spain desserts

10 Fantastic Traditional Spanish Desserts

From rich, creamy custard to crunchy dough fritters, Spain desserts are wonderful for anyone with a sweet tooth. Here are 10 of our favourite traditional Spanish desserts, known for their spectacular indulgence.

Spain Desserts: A Way Of Life

The Spanish are world-renowned for their love of laid-back, joyful siestas. Naturally, this attitude calls for dessert after dinner. Inspired by Spain’s unique mix of Roman, Moorish and New World influences, Spanish desserts play a significant role in Spanish cuisine. 

5 Traditional Spanish Desserts

#1 Manzanas Asadas

The Manzanas Asadas is the holy grail Spanish fruit desserts. Crafted of baked apples, cinnamon, nutmeg, almonds and lemon juice, this dessert offers a wonderfully smooth texture and delicious flavour. For a more elegant dessert, the apples can be filled with raisins soaked in brandy or red wine. 

#2 Flan de Queso

A dessert with a unique texture, a spoonful of flan is like a taste of vanilla mousse cheesecake, only richer and creamier. The classic flan is a vanilla egg custard, topped with caramel syrup. Like many Spain desserts, flan originated with the Roman Empire. Today, it is one of the most popular desserts in Spain. 

#3 Crema Catalana

Boasting a thick, creamy custard and a crunchy, burnt sugar crust, the Crema Catalana is a Catalan version of the French favourite, crème brûlée. This simple yet luxurious dessert is made by mixing milk, egg yolks and sugar together and infusing it with orange rind, lemon zest and cinnamon. 

The oldest dessert in Europe, this delicious dessert was first crafted by the Jewish inhabitants of Catalonia appears in several medieval Catalan recipes books in the 14th century. Traditionally prepared on Saint Joseph’s Feast Day in terracotta dishes, it is also known as crema de Sant Josep.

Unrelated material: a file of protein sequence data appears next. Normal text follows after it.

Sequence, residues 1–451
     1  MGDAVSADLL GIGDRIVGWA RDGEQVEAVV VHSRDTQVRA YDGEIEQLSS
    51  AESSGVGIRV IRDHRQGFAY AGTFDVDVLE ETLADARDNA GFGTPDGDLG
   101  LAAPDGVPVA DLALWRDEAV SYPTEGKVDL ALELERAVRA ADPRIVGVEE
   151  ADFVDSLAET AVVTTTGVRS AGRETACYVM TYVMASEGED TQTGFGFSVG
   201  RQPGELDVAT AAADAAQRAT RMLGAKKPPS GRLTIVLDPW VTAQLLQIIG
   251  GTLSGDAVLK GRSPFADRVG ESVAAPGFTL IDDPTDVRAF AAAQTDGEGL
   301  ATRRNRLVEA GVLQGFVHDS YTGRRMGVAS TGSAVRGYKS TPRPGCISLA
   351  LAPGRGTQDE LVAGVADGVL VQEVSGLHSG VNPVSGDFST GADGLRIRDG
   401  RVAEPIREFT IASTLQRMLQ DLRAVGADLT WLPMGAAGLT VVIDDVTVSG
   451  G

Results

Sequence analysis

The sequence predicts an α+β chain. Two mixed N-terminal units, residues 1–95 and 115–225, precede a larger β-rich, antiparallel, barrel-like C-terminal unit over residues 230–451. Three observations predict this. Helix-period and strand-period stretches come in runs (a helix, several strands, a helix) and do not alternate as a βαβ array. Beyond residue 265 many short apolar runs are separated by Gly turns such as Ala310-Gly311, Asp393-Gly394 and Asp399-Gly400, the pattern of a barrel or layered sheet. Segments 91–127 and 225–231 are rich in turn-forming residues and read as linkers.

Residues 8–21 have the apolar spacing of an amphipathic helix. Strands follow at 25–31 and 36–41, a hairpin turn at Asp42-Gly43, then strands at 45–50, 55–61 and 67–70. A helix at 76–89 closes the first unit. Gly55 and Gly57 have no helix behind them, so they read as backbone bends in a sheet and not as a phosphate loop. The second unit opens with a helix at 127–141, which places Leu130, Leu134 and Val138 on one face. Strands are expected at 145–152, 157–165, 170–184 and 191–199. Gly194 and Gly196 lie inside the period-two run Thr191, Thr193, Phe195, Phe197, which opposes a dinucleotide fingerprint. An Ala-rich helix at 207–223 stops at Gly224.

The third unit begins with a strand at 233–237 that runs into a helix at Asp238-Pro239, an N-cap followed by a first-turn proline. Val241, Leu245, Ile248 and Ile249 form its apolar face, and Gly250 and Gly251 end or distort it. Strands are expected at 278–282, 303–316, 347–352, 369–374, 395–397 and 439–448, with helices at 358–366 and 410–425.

#4 Turrón de Jijona

Turrón de Jijona is a traditional Spanish almond nougat dessert of Moorish (Arabic) origin. One of the most quintessential Spanish sweet treats in the 15th century, turrón was originally made in the Alicante town of Jijona. Renowned for its characteristic golden colour and soft texture, turrón is a traditional Christmas treat that comes in hard and brittle, or soft and chewy styles.

To make turrón, the artisan-maker first heats the honey until it begins to caramelise, beats in sugar, egg whites and toasted almonds, and lets it rest and set. 

#5 Tarta de Santiago

A wonderfully moist, indulgent dessert that blends almond and citrus flavours, the tarta de Santiago is a thick and rich cake, ideal for enjoying with a cup of milky ‘café con leche’. 

A traditional dessert from the city of Santiago de Compostela in Galicia, this dessert is traditionally made from ground almonds bound with eggs, sugar, lemon and a Spanish liqueur or sweet dessert wine. Decorated with the symbol of the Cross of Saint James (Cruz de Santiago) in powdered sugar, the tart was originally enjoyed by medieval travellers on pilgrimage to Santiago de Compostela. 

#6 Torrijas

Originated in the Andalusian convents during the 15th century, torrijas are a popular breakfast made of slices of bread soaked in milk and fried in olive oil. Dating back to Roman times, this dish was traditionally served to expectant mothers before giving birth and after childbirth to restore their energy. Later in the Middle Ages, torrijas became a popular Lent dish eaten with wine during the Holy Week or Semana Santa, just before Easter. 

#7 Arroz con Leche

This Spanish style, cinnamon-infused rice pudding will haunt your dreams. Arroz con leche, rice pudding flavoured with cinnamon and lemon peel, is one of the oldest desserts in Spain, brought to Spain during the Moorish occupation. This dessert is made by slowly boiling short, wide grain rice in milk while gradually adding egg yolks, sugar, salt, lemon zest, cinnamon, and raisins. The dish is amazing served hot or cold.

#8 Mantecados

Mantecados are rich, soft, crumbly cookies that are a favourite at Christmas. These cookies, created by kneading lard, melt in your mouth with a delicate anise flavour. The origin of the mantecados dates back to the 16th century. The biscuit was first invented to make use of the surplus of cereals and lard in the Andalusian town of Antequera. Modern mantecados may be handcrafted with sesame and cinnamon essence, almond butter, double cinnamon butter, chocolate butter, lemon butter or hojaldrina butter. 

#9 Churros

Churros are a beloved pastry in Spain — fried dough fritters with a crispy exterior and soft, airy interior, garnished with a light dusting of sugar and a rich, thick hot chocolate dipping sauce. Recognisable for their long, straight shape with ridges, churros are the ultimate late-night, winter or breakfast snack. 

#10 Mel i Mato

A dessert unique to Catalonia, mel i mató is a delicious marriage of cheese and honey. The dessert stars fresh mató — a fluffy, subtly sweet Catalan cream cheese made from cow or goat’s milk — generously drizzled with local honey and sprinkled with walnuts, jams or fresh fruit. 

Eager to try some mouth-watering Spanish food or desserts right here in Brisbane? Book a table at Moda Restaurant today.